Sunday, November 7, 2010
Lunaria annua, Honesty
Lunaria annua, commonly known as honesty or money plant, is an example of a species that's more attractive dead than alive. After the flattened fruits, known botanically as siliculas, have shed their seeds the central translucent septum of the silicula remains attached to the plant well into winter and looks especially striking when back-lit by low winter sunlight. The silvery appearance of the discs, resembling coins, accounts for the common names.
After pollination the ovary of honesty develops into a flattened disc-shaped silicula and when it's brightly lit by sunlight you can see the six kidney-shaped seeds developing inside. When it ripens the two outer walls separate from the central septum, the seeds blow away...........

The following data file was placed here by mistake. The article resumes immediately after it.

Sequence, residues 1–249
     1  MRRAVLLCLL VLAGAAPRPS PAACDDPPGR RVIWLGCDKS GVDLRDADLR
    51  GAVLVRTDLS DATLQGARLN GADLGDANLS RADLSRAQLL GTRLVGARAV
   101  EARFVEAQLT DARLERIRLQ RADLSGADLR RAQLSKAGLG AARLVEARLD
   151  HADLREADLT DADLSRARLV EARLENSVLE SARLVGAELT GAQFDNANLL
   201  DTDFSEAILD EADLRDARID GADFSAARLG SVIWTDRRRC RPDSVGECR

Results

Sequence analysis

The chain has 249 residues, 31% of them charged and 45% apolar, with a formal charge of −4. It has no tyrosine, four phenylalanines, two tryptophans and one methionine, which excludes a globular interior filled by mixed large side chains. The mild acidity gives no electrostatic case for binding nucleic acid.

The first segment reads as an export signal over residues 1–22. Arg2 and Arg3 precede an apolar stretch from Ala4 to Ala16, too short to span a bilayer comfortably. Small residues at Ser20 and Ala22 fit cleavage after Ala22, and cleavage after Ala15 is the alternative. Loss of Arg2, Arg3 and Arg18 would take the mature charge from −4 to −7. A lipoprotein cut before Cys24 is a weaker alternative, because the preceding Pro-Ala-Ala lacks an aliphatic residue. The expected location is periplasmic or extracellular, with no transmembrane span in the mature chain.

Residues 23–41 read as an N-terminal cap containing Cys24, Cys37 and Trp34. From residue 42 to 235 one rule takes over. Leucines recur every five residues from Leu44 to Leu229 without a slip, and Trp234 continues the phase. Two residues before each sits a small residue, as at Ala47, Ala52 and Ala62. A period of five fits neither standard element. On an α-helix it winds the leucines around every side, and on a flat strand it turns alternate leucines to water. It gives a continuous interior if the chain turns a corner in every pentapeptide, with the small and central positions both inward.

and only the papery central septum remains attached to the plant.
Honesty is a member of the cabbage family, Brassicaciae, whose members typically have four petals arranged in a cross (explaining for the old name of the family, Cruciferae). The purple flowers of honesty aren't especially attractive, unless you happen to be an orange tip butterfly like this one, visiting to collect nectar.